Sunday, May 3, 2015

Stacy's Story

This post conforms to the blog rules.A patient I met and, in the wash of clerkships, left behind, left an incredible impression on me even though I barely knew her. Almost every detail about this person is altered to protect her.

"Stacy" was a middle-aged woman who became pregnant under extremely bad circumstances. Her family started to notice that she was acting strange. To their alarm, she began to tell them she saw and heard things they could not see or hear: she was hallucinating. The duress of her pregnancy had affected her so severely that she had become disconnected with reality. She went to the emergency room after suffering a psychogenic seizure, and I rounded on her her shortly thereafter.

As I flipped through her chart before going to see her, I asked the nurse what was going on.

"It's crazy," the nurse said, speaking of the situation. She gave me more and more details as I went through the records, underlining hCG values and the ER course. "And her family doesn't want to keep it," the nurse finished.

I froze. Doesn't want to keep it. They wanted an abortion.

"What does she want?" I asked.

The nurse shrugged. "She can't say, most of the time. She has these good times when she makes sense, but sometimes she babbles and acts bizarre. Sometimes she doesn't know she's pregnant when you ask her."

I continued reviewing records mechanically, and went to see the patient, wondering what I could do. The first time I spoke with Stacy was during one of her lucid times. After introducing myself and seating us in a private and comfortable place, I told her I wanted to talk with her briefly and then gently asked her, "What brought you here?"

She gazed at me innocently, almost emptily, with warm brown eyes. "I'm pregnant," she said simply.

"That's right," I said.

"I'm eight weeks," she added.

"Exactly," I said with a smile. "Do you know what that means?"

She shook her head.

"It means your baby's heart is beating," I said, "and he has all his fingers and toes."

"Oh," she said, her voice inflecting for the first time, a little flicker of a healthy mind. "Maybe I'll keep it."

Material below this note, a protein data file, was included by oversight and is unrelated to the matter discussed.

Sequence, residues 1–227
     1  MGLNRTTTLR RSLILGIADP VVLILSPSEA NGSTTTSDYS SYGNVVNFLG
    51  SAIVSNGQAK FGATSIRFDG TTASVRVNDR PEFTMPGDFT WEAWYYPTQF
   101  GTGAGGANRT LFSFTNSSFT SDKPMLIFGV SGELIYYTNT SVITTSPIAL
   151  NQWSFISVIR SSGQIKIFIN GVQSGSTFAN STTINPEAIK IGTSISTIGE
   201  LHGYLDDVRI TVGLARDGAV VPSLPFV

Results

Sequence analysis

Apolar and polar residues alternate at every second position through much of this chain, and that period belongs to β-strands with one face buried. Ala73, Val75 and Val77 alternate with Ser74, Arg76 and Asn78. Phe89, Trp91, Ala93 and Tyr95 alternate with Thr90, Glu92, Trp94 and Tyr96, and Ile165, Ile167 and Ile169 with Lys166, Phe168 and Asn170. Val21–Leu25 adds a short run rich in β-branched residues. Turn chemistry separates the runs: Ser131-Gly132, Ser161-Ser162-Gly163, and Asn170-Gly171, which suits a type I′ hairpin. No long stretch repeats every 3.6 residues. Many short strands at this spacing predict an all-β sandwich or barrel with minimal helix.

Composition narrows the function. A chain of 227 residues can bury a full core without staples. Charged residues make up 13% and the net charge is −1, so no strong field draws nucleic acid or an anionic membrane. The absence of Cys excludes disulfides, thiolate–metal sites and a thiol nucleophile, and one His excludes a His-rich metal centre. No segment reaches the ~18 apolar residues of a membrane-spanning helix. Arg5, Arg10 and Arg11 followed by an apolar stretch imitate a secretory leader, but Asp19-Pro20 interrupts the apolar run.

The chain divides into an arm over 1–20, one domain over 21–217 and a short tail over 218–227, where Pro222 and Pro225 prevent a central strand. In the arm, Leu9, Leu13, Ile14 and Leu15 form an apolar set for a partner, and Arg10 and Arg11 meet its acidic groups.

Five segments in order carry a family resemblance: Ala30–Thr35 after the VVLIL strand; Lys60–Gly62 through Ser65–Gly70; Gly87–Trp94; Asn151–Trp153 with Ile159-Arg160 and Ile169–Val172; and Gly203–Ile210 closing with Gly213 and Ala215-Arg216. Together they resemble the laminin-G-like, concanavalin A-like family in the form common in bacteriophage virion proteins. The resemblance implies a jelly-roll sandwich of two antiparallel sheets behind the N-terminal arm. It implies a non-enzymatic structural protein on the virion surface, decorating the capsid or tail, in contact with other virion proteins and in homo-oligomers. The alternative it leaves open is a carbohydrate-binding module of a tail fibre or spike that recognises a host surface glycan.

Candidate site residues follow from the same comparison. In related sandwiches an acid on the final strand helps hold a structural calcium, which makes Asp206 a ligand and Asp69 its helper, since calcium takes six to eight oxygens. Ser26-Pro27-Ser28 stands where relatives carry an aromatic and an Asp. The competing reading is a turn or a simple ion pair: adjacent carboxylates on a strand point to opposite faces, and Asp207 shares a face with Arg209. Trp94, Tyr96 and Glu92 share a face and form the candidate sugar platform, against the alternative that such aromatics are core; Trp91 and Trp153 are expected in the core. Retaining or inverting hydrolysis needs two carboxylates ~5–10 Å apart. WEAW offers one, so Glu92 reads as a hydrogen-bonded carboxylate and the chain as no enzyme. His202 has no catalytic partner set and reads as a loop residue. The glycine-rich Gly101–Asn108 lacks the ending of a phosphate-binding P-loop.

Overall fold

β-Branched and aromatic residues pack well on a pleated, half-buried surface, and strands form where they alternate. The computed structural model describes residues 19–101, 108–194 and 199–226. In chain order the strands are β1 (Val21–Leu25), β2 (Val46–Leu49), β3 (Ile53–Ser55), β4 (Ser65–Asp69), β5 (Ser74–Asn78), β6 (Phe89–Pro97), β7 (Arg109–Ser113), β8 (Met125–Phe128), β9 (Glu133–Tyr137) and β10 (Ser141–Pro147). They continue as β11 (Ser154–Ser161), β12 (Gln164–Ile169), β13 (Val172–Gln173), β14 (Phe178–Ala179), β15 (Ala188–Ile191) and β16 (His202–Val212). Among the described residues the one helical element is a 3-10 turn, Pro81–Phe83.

Those were her exact words, and I cannot forget them. The interview went on, and I wrote my progress note and left. At rounds a few minutes later, the story became even more nightmarish as I discovered that my attending and my fellow students were all hoping that she could get an abortion. Perversely, we carefully looked up what psychiatric drugs she should most safely take in pregnancy and consulted a psychiatrist with experience in that. Even as we hoped that Stacy's embryo would be eradicated, we protected that embryo from possible adverse effects of the medicines we prescribed.

The week churned on and I moved away from Stacy's floor while other students worked on her care. I heard new of her remotely when students would talk about her, and the reports were not good: she had fewer lucid times and finally none at all despite changing her medicines. Meanwhile, her family was trying to arrange for an abortion. I stormed heaven and asked friends and family to do the same.

Stacy's case became very complex and the hospital system ethics committee met over a weekend, weeks after her admission, to decide whether she could have an abortion. Her case was described in detail at our rotation's grand rounds, where another student presented and the general feeling among my peers and professors was annoyance that the "stupid" hospital was keeping this woman from her healthcare. I felt dizzy sitting with them, as if I were in a horror movie or some barbaric country.

After that rotation ended, I texted Stacy's attending and asked about Stacy. It was then that I discovered that the first ethics committee did not approve her abortion, but she ended up having one somewhere else.

I have so many sad thoughts about this case, including things like, should I have insisted on seeing Stacy beyond my time on her ward? It wouldn't have been impossible. Should I have talked with her more about her baby? I didn't want to be coercive but I might have saved a life. Should I have at least documented her desire to keep the pregnancy? I'm sure it might have meant something to the ethics committee if it didn't to her attending and my peers. I was afraid to write it, because I worried that her flip-flopping between options would be seen as a sign of worsening psychosis (which wouldn't be good for the baby's survival or for her), and because I didn't want to be accused of disturbing her "decision."

What a hard case! Please pray for "Stacy" and her family, and her little child. She is apparently back to her normal self and out of her psychosis, but she is not finished dealing with what happened to her this year.

This post was a draft for over a year. I marked it as a "perpetual draft," one of a set of posts that will never be released to protect my career and to protect vulnerable patients. But I decided to release it after I matched, and since it has been such a long time since this occurred.

This post was a draft because I experienced a bit of resistance in my psychiatry clerkship from a pro-choice fourth year (who couldn't believe someone wouldn't do this patient's abortion) and from professors (who called me into an impromptu meeting when I asked too many questions about homosexuality and gender identity disorder). Now, I'm putting it out.

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